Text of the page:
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What do we understand by the payback period in equity investing?

The concept of payback period is nothing new. We have been using it in the case of projects for quite some years now. It shows the number of years it takes to realize your investment back in the form of returns. Of course, this is assuming that your core principal still remains intact. Can we really use payback to evaluate equities? It is surely one of the methods that can be effectively used. Let us look at what is a good payback period of an investment with a payback period example. Let us also look at the payback period advantages and disadvantages in detail.


Calculating the payback period on equity investment

Take the stock of Alpha Ltd. and its price movement over a period of year. Tapan bought 10,000 shares of Alpha at a share price of Rs.100. The company has been consistently paying dividends of Rs.4 per share. Let us understand payback in different formats


YearDividend FlowAnnual Price appreciationStock PriceCapital GainsTotal ReturnsPost Tax Returns1Rs.412%Rs.112.00Rs.12.00Rs.16.00Rs.14.402Rs.415%Rs.128.80Rs.16.80Rs.20.80Rs.18.723Rs.410%Rs.141.68Rs.12.88Rs.16.88Rs.15.194Rs.427%Rs.179.93Rs.38.25Rs.42.25Rs.38.035Rs.42%Rs.183.53Rs.3.60Rs.7.60Rs.6.846Rs.48%Rs.198.21 Rs.14.68 Rs.18.68 Rs.16.817Rs.415%Rs.227.95Rs.29.74Rs.33.74Rs.30.37


As can be seen in the above illustration, there are 3 ways of looking at payback on the stock. We can look at payback in terms of dividends or in terms of total returns or in terms of post tax returns after considering the dividend distribution tax (DDT) on dividends and also the long term capital gains tax on the stock. Let us look at each of these approaches.


Payback using dividends
As we can see in the above illustration, the stock of Alpha Ltd. pays a dividend of Rs.4 on the price of Rs.100. That translates into a dividend yield of 4% for Tapan. That means the payback period purely on the back of dividends will be 25 years. The dividend approach is not a very scientific approach because it does not capture the capital appreciation in the stock. People normally buy stocks for capital appreciation and the dividends do not capture the same. Hence this approach has very limited applicability.
Payback using total returns

The total returns of a stock include the dividends received and the capital gains earned. How does the payback work in case of total returns? If you look at the stock in terms of total returns in terms of total returns then Tapan recovers Rs.95.93 at the end of 4 years and Rs.103.53 at the end of 5 years. That means; the breakeven period for Tapan will be somewhere 4 years and 5 years. We can put a more precise number to the payback period with the following formula:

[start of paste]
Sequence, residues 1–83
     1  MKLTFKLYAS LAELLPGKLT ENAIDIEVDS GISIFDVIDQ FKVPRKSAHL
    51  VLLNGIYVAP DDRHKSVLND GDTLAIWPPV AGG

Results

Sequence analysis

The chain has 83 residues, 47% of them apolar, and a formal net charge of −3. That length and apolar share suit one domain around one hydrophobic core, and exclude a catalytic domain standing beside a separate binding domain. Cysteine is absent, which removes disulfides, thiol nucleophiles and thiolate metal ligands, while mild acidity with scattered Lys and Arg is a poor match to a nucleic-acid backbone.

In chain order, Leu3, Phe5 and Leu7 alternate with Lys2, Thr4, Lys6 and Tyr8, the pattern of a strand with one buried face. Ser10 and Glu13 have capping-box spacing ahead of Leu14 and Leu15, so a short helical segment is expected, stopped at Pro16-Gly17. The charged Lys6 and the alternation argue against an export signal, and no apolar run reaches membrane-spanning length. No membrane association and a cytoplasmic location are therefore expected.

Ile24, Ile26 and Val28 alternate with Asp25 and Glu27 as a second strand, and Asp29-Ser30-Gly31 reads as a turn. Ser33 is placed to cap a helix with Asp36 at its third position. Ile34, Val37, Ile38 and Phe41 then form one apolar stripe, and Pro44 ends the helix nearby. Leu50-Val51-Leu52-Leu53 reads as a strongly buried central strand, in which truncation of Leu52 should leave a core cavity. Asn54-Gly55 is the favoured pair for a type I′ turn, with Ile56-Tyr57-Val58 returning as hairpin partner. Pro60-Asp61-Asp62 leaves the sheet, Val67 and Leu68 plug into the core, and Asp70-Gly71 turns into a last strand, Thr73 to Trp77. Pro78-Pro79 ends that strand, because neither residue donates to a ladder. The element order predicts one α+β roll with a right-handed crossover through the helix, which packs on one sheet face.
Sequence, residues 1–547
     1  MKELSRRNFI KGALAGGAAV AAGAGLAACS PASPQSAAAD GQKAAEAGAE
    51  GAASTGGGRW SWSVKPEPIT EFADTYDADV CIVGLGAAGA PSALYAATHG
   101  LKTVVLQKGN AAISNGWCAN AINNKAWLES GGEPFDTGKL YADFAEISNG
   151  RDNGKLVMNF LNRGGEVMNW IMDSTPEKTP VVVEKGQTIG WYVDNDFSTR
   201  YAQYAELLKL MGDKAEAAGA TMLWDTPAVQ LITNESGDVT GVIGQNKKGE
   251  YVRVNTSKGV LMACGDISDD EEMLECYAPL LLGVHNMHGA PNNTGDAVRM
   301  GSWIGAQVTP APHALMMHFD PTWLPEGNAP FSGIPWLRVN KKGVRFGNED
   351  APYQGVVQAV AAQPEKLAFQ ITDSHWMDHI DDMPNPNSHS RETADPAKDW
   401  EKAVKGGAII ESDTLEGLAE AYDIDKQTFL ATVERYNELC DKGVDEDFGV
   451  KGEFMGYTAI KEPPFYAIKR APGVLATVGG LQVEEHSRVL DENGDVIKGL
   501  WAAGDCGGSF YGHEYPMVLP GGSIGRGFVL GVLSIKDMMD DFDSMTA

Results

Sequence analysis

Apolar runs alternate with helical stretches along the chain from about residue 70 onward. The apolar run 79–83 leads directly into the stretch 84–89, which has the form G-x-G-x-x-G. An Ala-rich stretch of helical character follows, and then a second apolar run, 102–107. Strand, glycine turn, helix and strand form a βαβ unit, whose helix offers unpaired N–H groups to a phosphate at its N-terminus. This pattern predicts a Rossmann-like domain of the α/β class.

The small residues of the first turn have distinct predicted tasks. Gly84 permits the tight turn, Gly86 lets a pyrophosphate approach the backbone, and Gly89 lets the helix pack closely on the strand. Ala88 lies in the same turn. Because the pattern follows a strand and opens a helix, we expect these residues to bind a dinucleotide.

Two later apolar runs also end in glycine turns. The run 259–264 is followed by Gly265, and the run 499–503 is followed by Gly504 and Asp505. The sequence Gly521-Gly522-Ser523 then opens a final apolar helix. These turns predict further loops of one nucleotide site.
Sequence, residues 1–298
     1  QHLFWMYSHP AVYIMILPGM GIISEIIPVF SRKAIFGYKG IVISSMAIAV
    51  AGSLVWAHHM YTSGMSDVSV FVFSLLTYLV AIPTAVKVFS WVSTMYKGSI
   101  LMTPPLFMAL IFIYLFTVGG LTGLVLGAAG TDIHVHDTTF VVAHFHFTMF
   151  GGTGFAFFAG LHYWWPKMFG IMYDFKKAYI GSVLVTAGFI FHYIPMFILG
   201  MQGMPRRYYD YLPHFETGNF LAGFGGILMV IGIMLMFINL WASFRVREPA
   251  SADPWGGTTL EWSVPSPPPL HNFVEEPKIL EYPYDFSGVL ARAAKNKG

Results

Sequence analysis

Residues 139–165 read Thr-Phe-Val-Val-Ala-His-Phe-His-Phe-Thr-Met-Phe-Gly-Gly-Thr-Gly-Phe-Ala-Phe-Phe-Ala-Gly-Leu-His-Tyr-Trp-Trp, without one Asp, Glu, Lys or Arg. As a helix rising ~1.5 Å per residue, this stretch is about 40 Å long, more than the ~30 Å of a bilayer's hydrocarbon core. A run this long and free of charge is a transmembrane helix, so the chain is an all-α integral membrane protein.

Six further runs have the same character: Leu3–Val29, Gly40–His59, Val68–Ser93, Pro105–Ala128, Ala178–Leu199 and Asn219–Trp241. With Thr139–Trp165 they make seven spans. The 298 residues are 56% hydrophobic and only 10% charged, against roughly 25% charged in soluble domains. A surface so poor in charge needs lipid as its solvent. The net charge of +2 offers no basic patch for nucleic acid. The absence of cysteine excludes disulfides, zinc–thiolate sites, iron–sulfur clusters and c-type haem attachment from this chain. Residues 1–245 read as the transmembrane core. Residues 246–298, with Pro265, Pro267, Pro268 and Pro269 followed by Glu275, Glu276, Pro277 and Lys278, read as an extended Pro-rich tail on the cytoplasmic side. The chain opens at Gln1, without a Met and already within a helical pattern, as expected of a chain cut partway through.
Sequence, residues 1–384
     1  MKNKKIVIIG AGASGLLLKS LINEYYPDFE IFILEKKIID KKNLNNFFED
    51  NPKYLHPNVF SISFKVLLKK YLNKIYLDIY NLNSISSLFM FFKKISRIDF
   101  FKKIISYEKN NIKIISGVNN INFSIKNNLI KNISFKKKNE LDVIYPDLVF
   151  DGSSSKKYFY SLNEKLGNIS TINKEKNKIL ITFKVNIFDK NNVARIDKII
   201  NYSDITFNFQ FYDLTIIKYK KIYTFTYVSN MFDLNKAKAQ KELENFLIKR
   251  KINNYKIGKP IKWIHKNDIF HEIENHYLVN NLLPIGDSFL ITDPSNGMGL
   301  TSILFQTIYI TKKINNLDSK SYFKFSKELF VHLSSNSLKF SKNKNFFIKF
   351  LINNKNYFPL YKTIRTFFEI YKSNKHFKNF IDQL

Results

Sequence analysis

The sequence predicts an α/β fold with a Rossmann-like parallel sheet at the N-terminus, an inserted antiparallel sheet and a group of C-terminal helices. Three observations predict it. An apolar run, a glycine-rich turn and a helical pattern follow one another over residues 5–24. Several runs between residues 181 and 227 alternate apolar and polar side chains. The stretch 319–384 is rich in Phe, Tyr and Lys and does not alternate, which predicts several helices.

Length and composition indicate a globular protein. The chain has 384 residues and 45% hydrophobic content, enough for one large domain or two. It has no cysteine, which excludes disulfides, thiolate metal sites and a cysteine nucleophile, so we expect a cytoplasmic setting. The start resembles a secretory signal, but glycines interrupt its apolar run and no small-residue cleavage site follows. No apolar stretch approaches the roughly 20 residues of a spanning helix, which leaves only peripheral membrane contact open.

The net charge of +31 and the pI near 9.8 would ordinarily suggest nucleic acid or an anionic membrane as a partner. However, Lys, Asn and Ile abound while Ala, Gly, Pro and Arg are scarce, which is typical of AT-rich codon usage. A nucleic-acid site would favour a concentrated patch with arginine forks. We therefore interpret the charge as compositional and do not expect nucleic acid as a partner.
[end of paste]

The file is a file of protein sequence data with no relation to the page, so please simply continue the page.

Payback period = Year 4 + {(100-95.93) / (103.53-95.93)}
Payback period = Year 4 + (4.07 / 7.60)

Which is roughly equal to 4.54 years or it can be expressed as 4 year and 7 months.


That means the investment made by Tapan will be recovered in 4 years and 7 months.

The payback period also helps us to get a quick idea of the CAGR yield on the stock by using the Rule of 72 i.e. CAGR = 72/4.54 = 15.86%


In the above case, the CAGR yield in pre-tax terms for Tapan will be 15.86%, which a healthy level of returns.


Payback in post-tax terms

This is one of the more pragmatic approaches since the investor gets returns net of tax only. In case of dividends there is DDT at 10% and on long term capital gains there is CGT at 10%. For simplicity we have ignored surcharge and cess and have also assumed that Tapan has utilized his limits of Rs.1 lakh in LTCG elsewhere.


His payback period in post tax terms will be between the 5th and 6th year in post tax terms. Let us work it out as under:
Payback period = Year 5 + {(100-93.18) / (109.99-93.18)}
Payback period = Year 5 + (6.82 / 16.81)
Which is roughly equal to 5.41 years or it can be expressed as 5 year and 5 months.
That means the investment made by Tapan will be recovered in 5 years and 5 months.
Hence, the CAGR yield on the stock by using the Rule of 72 i.e. CAGR = 72/5.41 = 13.31%
As can be seen from the above illustration, the CAGR return on the stock falls by nearly 250 basis points annually, when you consider the post tax returns instead of pre tax returns.
What you need to know about payback period?
A payback is not a very scientific method of calculating the efficacy of stock returns because it does not consider time value. However, when you calculate the payback period and then use the Rule of 72, then the time value of money is automatically imputed to it. But payback period has an advantage in the sense that it is very simple to use and to compare across asset classes. On the downside, payback is reliable when it is historical but that may not be useful from a decision making perspective.

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